The determination of direction of travel relative to vehicle 210 is made by polling by each receiver to determine relative signal strength of the signal supplied by vehicle 210 antennae. The use of several directional antennae on vehicle 210 and appropriate encoding for each would simplify the polling function of the receivers in vehicles 200, 230, 240, 250 and 260. The details of polling circuit design are well known in the art and are not necessary to understanding this application of the Billboard System.
Other features and applications of the present invention are also possible. For example, with reference to FIG. 12, the addition of a transmitter in the vehicle and a receiver associated with the fixed roadway transmitter of Billboard System 100 as described hereinabove would allow for two-way communication for such applications as automatic toll collecting or fleet vehicle management. These applications may utilize unique codes representing vehicle identification and would allow for automated information transfer between vehicles and selected receiver locations.
Another application may be a localized system for automated tours of museums, galleries or parks for example. This application would allow the user to determine his own order of passage through the facility and still receive correct information for the position in which the transmitter is located.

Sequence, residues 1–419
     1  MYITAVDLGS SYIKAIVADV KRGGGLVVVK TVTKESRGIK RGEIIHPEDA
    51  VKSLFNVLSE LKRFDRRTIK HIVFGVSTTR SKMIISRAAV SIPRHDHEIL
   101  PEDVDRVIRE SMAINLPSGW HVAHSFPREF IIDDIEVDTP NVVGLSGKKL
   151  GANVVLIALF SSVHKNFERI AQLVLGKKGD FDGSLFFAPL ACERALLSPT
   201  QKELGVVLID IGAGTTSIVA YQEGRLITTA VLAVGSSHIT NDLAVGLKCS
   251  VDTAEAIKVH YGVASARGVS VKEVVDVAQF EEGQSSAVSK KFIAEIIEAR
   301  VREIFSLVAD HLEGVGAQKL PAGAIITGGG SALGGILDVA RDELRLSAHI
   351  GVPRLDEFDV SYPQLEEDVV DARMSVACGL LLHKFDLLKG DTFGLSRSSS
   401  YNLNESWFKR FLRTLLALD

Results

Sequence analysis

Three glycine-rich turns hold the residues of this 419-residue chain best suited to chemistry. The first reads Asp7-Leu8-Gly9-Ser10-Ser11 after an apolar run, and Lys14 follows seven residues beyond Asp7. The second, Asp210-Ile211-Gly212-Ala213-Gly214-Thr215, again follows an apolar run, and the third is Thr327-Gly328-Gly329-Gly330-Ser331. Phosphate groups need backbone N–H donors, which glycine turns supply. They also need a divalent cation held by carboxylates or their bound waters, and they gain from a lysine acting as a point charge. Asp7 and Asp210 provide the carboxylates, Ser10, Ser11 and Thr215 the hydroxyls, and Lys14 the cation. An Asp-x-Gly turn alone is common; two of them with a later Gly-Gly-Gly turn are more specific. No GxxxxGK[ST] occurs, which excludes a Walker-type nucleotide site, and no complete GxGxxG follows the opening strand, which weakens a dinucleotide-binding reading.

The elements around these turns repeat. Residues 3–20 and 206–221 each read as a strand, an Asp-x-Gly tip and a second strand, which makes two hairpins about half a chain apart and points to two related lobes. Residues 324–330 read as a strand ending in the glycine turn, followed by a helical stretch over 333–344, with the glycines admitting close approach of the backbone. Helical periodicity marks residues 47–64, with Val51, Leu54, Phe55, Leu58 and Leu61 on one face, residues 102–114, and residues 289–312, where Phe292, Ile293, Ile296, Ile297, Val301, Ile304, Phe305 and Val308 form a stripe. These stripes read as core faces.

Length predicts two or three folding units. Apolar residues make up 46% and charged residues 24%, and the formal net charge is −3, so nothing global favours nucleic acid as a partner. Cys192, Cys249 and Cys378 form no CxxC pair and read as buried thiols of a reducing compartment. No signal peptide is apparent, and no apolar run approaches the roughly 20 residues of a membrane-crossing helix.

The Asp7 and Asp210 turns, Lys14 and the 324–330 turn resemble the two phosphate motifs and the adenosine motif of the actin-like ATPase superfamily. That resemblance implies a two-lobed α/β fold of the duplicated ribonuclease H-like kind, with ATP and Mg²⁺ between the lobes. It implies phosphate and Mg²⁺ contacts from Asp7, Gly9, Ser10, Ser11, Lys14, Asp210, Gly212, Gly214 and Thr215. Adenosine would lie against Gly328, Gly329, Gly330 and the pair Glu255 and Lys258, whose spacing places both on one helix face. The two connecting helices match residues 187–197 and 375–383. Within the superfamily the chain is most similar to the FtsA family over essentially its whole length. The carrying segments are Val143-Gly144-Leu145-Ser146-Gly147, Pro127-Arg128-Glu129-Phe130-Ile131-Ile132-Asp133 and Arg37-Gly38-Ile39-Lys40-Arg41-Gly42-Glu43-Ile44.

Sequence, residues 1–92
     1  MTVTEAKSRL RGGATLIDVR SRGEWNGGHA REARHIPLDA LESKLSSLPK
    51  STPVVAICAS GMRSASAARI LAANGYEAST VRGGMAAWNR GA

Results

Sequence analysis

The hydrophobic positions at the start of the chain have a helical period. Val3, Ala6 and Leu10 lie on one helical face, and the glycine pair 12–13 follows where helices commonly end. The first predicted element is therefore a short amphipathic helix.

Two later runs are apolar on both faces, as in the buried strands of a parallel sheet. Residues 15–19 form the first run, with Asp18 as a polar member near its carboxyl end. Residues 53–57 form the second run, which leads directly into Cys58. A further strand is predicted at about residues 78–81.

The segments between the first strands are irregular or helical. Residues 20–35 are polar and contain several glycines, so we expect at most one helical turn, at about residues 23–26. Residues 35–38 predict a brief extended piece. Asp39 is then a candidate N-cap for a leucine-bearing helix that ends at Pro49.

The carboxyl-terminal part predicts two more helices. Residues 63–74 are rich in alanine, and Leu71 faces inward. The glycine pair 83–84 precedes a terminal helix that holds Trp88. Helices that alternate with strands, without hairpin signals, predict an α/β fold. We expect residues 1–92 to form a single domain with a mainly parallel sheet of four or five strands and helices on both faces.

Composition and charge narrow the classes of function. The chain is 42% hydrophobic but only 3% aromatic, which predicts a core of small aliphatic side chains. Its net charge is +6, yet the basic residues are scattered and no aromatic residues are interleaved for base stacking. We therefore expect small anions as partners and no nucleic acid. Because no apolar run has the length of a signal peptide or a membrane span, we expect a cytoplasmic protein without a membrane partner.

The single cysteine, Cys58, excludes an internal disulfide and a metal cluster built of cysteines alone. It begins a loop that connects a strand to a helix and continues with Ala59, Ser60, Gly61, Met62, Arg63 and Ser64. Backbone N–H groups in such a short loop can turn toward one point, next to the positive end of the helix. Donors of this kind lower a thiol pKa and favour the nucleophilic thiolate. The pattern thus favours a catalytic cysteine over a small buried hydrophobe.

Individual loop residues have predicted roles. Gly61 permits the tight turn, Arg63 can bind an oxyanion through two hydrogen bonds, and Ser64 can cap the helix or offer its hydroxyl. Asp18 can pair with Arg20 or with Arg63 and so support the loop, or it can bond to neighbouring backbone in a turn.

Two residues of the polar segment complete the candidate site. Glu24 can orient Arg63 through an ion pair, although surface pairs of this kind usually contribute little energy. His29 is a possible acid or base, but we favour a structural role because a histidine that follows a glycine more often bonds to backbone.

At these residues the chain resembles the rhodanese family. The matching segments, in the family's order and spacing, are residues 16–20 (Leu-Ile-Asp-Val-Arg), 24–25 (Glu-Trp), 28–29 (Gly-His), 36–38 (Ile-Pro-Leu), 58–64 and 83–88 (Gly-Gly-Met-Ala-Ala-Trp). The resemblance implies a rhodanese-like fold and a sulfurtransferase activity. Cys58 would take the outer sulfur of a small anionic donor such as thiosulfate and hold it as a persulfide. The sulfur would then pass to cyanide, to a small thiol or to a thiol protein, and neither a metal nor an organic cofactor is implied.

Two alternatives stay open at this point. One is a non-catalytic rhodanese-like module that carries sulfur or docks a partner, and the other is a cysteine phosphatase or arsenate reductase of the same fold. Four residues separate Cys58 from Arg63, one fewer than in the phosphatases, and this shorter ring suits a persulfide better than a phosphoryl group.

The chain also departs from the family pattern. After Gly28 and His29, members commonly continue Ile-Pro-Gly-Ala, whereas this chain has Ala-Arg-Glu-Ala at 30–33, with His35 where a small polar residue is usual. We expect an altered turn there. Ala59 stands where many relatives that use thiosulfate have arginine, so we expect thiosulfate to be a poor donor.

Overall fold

These and other applications, including military and convert users, are possible by designing databank 95 for the specific application. The details of data design need not be addressed here as data structuring and compilation is well known in the art.
The present invention has been particularly shown and described with respect to certain preferred embodiments thereof. However, it should be readily apparent to those of ordinary skill in the art that various changes and modification in form and details may be made without departing from the spirit and scope of the invention as set forth in the appended claims.
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|U.S. Classification||455/500, 455/70, 340/905, 455/517|
|International Classification||G09B29/10, H04B7/00, B60R11/02, H04B1/06, G08G1/0967, H04B7/26|
|Cooperative Classification||G08G1/096775, G08G1/096783, G08G1/09675, G08G1/096716, G09B29/106|
|European Classification||G08G1/0967B2, G08G1/0967A1, G08G1/0967C2, G08G1/0967C1, G09B29/10C|
|Sep 9, 1992||AS||Assignment|
Owner name: PULSE-COM CORPORATION, CALIFORNIA
Free format text: ASSIGNMENT OF ASSIGNORS INTEREST.;ASSIGNORS:CONWAY, ERNEST J.;DECKERT, JAMES L.;RICHARD, F. RUSSELL;REEL/FRAME:006327/0756
Effective date: 19910628
|Nov 22, 1996||FPAY||Fee payment|
Year of fee payment: 4
|Dec 19, 2000||REMI||Maintenance fee reminder mailed|
|Mar 19, 2001||SULP||Surcharge for late payment|
Year of fee payment: 7
|Mar 19, 2001||FPAY||Fee payment|
Year of fee payment: 8
|Dec 8, 2004||REMI||Maintenance fee reminder mailed|
|May 25, 2005||LAPS||Lapse for failure to pay maintenance fees|
|Jul 19, 2005||FP||Expired due to failure to pay maintenance fee|
Effective date: 20050525